We've recently stressed that if we sell any stock from our Rule Breaker Portfolio, we must have a better place for the money. When we asked you to suggest some, TMF Community members made the cases for Qualcomm (Nasdaq: QCOM)JDS Uniphase (Nasdaq: JDSU), and Pre-Paid Legal Services (NYSE: PPD).

Fascinating companies, to be sure. But why such a short list? It used to be easier. In the days of easy venture capital and limitless investor enthusiasm for the new idea, it seemed that a path-breaking company went public every day. Now, capital markets are less enthusiastic.

Or to put it in the immortal words of Peter Seeger, made famous by Peter, Paul, and Mary, and herewith Foolishly twisted: 

Where have all the innovators gone?
Long time passing.
Where have all the Rule Breakers gone?
Long time ago.
Where have all the path-breakers gone?
Bleak capital markets nicked them, most every one.
Oh, when will they ever earn?
Oh, when will they ever earn?

While innovation is always happening, it requires money to move from dream to reality. Innovation's lifeblood is venture capital, which flows in bull markets and ebbs in bear ones. So while the little gray cells of many visionary brainiacs are dancing now, just as they did during the two great economic doldrums of our century -- the Great Depression and the post-1960s Go-Go years, it's tougher today for that intellectual capital to mate with monetary capital, which flees to safer returns. Venture capital has slowed, and many investors have turned to high-fat ice cream (or housing) instead of IPOs.

Venture non-capitalist
Numbers back this up. Venture capital (VC) research firm VentureOne tracks quarterly VC data, and both the number and dollar value of equity financings have fallen -- though the dollar value for the first six months of this year is still at a rate that would lead to higher numbers than any year from 1996 to 1998.

Equity Financings
    Number Change $Value  Change Nasdaq
2002 1059*        $10.5 bil.*     -25%*  
2001 2985   -51%   34.1     -63%  -21% 
2000 6046    34%   93.2      90%  -39% 
1999 4501    80%   49.0     177%   86%
1998 2502    15%   17.7      38%   40%
1997 2169    14%   12.8      30%   22%
1996 1898           9.9
*six months
[source: VentureOne]

Fewer IPOs, too
VentureOne's data for venture-backed IPOs -- new companies going public having grown with venture capital financing -- as opposed to spin-offs, such as Kraft (NYSE: KFT), or a demutualization of an insurance company, such as Prudential (NYSE: PRU) -- show the slowdown, too:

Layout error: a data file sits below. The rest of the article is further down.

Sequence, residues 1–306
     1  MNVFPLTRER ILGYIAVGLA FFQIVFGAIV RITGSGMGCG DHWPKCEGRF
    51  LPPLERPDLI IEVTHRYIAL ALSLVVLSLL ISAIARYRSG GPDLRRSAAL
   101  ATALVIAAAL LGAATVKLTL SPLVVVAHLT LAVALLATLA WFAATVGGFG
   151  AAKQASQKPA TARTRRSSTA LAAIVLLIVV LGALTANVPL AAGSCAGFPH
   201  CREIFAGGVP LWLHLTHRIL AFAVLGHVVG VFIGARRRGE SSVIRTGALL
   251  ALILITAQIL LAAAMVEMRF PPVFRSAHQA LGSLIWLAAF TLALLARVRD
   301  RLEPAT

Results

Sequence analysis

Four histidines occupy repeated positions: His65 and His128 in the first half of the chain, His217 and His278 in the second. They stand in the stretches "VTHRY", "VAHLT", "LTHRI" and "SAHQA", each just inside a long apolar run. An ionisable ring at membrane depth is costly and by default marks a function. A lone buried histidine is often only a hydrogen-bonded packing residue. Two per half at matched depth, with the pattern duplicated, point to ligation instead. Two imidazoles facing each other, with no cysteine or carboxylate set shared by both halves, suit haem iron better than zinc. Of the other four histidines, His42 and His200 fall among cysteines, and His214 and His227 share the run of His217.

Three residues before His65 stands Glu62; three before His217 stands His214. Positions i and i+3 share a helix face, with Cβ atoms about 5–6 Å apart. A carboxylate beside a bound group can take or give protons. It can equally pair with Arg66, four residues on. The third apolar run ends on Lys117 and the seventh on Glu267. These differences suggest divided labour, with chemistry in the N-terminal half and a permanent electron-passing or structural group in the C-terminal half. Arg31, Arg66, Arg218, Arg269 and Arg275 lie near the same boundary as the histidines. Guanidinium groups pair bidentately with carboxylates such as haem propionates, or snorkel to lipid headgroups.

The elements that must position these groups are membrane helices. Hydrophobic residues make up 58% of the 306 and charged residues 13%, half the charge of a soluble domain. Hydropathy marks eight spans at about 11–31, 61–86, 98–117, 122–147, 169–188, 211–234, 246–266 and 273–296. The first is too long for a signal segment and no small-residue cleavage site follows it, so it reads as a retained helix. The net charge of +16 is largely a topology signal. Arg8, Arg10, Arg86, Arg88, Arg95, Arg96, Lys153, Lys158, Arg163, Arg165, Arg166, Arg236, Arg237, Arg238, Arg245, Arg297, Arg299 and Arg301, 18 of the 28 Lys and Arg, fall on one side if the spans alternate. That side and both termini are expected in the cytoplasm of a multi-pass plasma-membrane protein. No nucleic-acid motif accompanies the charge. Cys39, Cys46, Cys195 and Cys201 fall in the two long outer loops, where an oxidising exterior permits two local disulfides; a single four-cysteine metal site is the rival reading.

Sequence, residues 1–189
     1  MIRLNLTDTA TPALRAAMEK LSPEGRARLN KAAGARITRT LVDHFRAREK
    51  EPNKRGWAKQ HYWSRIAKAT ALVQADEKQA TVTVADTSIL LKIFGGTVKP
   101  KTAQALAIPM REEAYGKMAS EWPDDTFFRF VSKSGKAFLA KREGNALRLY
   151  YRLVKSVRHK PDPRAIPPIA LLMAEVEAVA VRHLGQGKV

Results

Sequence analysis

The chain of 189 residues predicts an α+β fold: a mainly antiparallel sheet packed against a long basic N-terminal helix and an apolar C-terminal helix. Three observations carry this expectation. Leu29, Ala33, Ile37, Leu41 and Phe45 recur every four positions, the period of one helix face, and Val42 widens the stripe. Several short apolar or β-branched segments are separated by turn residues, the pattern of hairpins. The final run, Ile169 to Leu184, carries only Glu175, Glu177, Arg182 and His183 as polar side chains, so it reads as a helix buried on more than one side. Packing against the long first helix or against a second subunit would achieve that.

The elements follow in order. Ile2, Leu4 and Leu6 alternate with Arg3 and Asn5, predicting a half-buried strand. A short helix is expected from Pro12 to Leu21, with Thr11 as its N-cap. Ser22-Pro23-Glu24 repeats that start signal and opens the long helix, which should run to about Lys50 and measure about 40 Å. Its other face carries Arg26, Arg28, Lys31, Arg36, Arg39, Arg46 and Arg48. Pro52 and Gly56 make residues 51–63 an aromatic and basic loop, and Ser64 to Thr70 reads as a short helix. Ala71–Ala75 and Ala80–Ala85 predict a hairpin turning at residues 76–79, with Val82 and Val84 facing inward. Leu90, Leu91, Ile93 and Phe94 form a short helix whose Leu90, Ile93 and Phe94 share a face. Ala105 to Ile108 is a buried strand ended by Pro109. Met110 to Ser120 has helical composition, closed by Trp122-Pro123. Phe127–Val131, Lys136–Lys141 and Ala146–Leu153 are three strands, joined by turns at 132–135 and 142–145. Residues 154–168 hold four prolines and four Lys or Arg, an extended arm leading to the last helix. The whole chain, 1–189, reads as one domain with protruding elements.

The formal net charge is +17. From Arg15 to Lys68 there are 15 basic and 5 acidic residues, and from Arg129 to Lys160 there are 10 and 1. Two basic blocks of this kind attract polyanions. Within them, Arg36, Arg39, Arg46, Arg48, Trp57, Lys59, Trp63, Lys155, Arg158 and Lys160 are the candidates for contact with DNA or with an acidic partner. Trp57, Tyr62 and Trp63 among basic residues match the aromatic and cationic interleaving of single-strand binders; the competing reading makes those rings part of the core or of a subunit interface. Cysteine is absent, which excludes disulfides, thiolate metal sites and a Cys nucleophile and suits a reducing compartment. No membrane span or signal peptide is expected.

Venture-Backed IPOs
    Number Change $Value  Change Nasdaq
2002  11*        $ 1.0 bil.*      -25%*
2001  21   -51%    1.7      -91%  -21%
2000 200    34%   18.8      - 3%  -39%
1999 248    80%   19.4      420%   86%
1998  68    15%    3.7      -19%   40%  
1997 121    14%    4.6      -47%   22%
1996 216           8.7
*six months
[source: VentureOne]

Broken down by quarters, you can really see the rush to get the IPOs out the door in Q3 2000 before VCs may have feared that door would shut:

7500                       x  x
6500                                x
5000                  x  x    
3000                             x
1500     x        x                    x
1000  x     x  
 500           x                          x
 250                                         x  x
     Q1 Q2 Q3 Q4 Q1 Q2 Q3 Q4 Q1 Q2 Q3 Q4 Q1 Q2 Q3
         1998        1999        2000        2001
[source: VentureOne]

Yup, the pattern of capitalism is not nice and neat. Human behavior being what it is, and contrary to the academic view of the economic rational person, money flows towards new ideas en masse and away en masse, and sometimes that masse is pretty massive. Surely this chart shows that.

Faster bankruptcy rate
It appears that the spate of IPOs in 1999 and 2000 were of a lower average quality, too. Companies minted in 1999 are going bankrupt much faster than those before, and the 1999-2000 numbers are relatively worse than earlier years considering how little time has passed:

Year of First  Percentage
Financing Bankrupt Today 2001 3% 2000 18 1999 22 1998 14 1997 14 1996 14
1995 16
1994 17
1993 19
1992 14
[source: VentureOne]

The pain has not been distributed equally. Of the 1999 failures to date, 27% were in information technology, 20% in products and services (uh, what companies aren't in products and services?), and only 9% in health care. VentureOne's vice president of worldwide research, John Gabbert, said in a prepared statement, "In 1999, it was much harder for a health care company to attract financing, but many of those that succeeded have stood the test of time. The data really reinforces the theory of counter-cyclical investing: Companies that ultimately achieve liquidity often originate in business segments that are out of favor at the time."  

Maybe, maybe not.    

Case in point
People often assert that innovation continues in bear markets, even though the VC money and IPOs slow down. They say that it's a question of quality, and in tougher times, the best stuff still survives. But anyway you cut it, you still need money, and I'll bet that plenty of great innovation dies for lack of funds -- hence the Foolish refrain above, "When will they ever earn?"